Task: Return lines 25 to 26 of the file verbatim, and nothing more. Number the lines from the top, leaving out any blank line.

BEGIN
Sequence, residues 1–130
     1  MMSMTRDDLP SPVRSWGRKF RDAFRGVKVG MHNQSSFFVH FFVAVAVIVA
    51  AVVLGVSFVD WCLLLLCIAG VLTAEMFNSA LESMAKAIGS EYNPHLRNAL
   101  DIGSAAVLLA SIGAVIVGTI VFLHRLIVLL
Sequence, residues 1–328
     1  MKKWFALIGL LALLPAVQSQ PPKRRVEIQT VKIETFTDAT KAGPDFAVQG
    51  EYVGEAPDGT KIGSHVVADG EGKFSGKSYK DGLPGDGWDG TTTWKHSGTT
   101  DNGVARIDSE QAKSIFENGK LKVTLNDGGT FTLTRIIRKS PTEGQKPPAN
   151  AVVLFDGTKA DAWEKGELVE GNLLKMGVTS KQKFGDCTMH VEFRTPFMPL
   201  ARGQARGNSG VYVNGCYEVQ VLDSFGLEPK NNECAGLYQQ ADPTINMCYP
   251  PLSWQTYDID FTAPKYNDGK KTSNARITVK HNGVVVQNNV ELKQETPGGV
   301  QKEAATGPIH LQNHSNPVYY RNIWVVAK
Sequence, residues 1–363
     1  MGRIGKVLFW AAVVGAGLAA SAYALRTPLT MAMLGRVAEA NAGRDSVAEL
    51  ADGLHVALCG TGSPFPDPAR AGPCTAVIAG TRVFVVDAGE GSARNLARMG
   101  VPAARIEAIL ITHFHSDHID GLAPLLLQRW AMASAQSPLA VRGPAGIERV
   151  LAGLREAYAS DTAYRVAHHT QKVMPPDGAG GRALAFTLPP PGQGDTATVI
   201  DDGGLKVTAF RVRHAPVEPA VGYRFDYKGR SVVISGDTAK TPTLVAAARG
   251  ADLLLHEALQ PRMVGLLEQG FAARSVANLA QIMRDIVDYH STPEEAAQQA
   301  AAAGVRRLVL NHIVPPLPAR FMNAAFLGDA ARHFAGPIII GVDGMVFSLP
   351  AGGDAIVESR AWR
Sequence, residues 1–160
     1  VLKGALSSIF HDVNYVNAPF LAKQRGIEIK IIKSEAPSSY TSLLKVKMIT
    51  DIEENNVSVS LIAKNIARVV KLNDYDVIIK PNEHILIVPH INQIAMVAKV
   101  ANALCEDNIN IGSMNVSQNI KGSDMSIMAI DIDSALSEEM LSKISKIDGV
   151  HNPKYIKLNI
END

   101  ANALCEDNIN IGSMNVSQNI KGSDMSIMAI DIDSALSEEM LSKISKIDGV
   151  HNPKYIKLNI